The pound fell sharply this afternoon following reports that European authorities are launching an offensive in a bid to weaken the City of London following the UK’s departure from the European Union.
Officials in Brussels, Berlin and Paris are looking to amend the bloc’s Mifid II financial regulations by walking away from concessions made to the UK when the rules were drawn up, according to Bloomberg.
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Regulations covering research spending, record keeping, and trading in stocks, derivatives and commodities are likely to be revised in a way that could make Brexit harder to negotiate for large international banks, it reported.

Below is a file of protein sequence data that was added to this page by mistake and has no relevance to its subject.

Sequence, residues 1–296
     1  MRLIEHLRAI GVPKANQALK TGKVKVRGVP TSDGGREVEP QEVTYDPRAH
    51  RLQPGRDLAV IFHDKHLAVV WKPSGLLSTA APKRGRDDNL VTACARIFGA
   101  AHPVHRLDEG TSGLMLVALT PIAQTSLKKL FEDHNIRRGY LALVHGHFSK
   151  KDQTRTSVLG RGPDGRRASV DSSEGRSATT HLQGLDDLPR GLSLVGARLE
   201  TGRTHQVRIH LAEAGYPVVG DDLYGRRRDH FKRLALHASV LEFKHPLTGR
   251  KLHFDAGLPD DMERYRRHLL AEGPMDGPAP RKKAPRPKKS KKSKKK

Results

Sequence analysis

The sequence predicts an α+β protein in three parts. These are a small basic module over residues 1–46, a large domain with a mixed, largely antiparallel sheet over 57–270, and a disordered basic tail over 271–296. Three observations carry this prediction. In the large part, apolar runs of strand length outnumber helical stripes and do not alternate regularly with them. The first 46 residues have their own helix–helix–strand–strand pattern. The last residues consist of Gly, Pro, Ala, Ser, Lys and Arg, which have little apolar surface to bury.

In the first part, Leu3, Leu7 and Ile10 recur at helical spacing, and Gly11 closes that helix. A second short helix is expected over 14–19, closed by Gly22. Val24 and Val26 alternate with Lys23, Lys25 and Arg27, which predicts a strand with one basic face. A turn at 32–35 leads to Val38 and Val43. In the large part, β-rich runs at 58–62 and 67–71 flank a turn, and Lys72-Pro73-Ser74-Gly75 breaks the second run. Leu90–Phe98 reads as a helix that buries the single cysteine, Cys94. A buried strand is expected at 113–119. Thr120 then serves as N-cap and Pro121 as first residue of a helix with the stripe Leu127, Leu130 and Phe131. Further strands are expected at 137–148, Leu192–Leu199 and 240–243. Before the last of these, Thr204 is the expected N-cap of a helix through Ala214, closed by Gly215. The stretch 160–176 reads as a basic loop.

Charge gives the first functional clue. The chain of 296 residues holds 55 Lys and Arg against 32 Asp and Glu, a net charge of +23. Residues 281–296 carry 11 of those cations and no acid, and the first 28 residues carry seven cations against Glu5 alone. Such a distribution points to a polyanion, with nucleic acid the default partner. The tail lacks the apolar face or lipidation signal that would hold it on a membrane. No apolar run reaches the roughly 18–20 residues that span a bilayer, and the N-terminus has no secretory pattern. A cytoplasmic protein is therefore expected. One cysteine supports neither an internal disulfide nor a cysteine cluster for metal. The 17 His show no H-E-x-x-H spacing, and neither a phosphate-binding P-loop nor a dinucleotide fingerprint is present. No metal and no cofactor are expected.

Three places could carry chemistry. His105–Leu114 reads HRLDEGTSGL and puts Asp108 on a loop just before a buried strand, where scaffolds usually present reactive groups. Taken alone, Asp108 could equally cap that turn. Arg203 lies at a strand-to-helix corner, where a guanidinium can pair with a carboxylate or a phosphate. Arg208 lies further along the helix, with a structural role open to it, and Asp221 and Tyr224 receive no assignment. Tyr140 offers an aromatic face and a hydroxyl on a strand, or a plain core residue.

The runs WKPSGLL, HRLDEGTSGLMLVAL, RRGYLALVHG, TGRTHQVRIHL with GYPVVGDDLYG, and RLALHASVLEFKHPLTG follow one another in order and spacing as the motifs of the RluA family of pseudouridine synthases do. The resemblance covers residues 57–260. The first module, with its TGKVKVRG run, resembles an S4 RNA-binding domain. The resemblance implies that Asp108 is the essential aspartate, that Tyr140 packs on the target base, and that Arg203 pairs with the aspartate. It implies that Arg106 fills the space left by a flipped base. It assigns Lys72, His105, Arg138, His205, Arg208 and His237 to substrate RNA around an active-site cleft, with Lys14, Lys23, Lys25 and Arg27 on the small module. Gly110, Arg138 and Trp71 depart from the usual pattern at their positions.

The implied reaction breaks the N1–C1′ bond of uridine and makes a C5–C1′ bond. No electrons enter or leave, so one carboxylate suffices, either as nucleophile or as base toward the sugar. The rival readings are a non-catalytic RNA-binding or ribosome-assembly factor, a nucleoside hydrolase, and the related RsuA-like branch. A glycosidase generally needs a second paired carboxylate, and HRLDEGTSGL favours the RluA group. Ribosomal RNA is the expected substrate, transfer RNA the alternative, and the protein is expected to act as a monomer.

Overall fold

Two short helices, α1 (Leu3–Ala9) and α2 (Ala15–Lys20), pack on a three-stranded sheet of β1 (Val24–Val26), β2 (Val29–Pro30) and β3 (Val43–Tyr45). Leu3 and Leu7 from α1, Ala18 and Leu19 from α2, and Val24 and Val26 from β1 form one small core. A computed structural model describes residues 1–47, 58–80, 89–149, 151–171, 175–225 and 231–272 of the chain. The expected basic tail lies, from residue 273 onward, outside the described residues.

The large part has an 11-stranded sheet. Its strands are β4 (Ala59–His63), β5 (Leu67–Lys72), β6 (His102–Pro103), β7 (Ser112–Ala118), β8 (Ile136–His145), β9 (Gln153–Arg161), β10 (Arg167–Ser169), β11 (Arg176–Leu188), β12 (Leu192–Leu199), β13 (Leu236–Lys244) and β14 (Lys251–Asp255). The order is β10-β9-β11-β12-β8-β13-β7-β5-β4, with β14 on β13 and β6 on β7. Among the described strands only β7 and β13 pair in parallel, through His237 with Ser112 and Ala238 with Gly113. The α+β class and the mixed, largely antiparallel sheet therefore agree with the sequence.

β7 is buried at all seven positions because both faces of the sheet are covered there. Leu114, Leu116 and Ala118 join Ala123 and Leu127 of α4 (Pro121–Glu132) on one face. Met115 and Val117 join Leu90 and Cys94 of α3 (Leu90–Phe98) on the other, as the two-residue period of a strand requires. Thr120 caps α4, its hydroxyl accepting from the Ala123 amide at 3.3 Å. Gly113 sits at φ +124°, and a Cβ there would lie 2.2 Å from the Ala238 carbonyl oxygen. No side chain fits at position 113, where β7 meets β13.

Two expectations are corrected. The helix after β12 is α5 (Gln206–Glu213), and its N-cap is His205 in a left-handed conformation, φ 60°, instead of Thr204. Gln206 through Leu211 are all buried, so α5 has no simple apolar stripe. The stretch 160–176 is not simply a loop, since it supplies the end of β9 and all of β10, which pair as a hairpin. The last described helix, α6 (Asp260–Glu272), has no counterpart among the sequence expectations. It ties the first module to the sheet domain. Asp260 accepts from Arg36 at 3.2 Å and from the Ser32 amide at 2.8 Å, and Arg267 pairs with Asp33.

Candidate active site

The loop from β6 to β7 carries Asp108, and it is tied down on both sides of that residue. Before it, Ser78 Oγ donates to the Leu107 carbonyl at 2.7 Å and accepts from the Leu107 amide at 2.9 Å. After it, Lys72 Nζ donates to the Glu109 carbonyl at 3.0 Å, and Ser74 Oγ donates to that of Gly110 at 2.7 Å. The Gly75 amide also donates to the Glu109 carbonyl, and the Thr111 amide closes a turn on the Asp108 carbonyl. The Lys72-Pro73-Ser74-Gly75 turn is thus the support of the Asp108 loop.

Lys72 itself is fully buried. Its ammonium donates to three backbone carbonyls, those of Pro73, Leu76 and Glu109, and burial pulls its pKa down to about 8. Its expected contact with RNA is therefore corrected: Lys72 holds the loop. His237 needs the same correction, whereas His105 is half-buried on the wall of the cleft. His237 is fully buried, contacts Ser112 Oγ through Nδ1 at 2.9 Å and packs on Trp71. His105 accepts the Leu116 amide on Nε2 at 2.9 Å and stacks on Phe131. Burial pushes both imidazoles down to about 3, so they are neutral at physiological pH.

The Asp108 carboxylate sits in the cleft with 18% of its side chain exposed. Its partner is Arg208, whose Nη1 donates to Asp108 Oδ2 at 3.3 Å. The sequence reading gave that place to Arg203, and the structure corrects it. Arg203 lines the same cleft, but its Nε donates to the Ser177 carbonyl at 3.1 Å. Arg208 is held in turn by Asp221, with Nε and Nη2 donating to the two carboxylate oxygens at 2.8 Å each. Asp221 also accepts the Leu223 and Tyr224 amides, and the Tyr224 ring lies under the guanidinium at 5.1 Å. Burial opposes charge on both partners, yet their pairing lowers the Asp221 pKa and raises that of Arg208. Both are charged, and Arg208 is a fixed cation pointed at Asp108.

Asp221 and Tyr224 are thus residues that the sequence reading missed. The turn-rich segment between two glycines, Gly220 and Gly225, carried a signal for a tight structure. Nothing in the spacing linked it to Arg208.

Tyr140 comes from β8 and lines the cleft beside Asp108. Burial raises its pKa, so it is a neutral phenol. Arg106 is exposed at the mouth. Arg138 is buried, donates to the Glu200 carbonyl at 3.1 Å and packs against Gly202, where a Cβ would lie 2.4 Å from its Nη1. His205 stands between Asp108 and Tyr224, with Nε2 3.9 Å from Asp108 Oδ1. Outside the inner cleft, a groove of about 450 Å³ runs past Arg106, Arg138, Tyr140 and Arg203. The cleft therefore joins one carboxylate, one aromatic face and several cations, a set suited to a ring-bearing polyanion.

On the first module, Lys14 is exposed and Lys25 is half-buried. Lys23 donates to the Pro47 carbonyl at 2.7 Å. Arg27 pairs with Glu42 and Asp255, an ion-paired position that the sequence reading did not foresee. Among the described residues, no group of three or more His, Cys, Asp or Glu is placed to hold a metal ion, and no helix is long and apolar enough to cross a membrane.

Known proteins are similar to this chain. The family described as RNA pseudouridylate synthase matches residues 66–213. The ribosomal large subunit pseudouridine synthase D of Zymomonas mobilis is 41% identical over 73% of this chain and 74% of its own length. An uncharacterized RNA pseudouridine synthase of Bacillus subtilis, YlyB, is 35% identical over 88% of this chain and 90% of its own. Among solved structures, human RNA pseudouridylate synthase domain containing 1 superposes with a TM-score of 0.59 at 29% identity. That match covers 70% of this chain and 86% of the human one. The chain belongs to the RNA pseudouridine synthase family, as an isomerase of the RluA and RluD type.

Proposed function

These rule changes would be aimed at bolstering Deutsche Boerse’s position against the London Stock Exchange in the trading of futures and other listed derivatives.
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“The fact that the biggest financial market in Europe is now outside the EU will change the equation for financial-service regulation in general,” said Markus Ferber, a German member of the European Parliament who helped create Mifid II.
The EU is set to seek initial feedback from banks and other financial firms within days, with a formal proposal expected in the third quarter of this year, Bloomberg reported, citing sources with knowledge of the matter.
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The pound, which had been trading at just below 1.3050 against the dollar, slipped as low as 1.2993 immediately after the news and continued to fall steadily, reaching 1.2966 just before 3pm UK time.
The level of access London’s financial firms will have to the EU when the Brexit transition period ends in December is yet to be determined, and will depend the process of equivalence — under which the UK would have to prove to Brussels that its rules are at least as stringent as the bloc’s.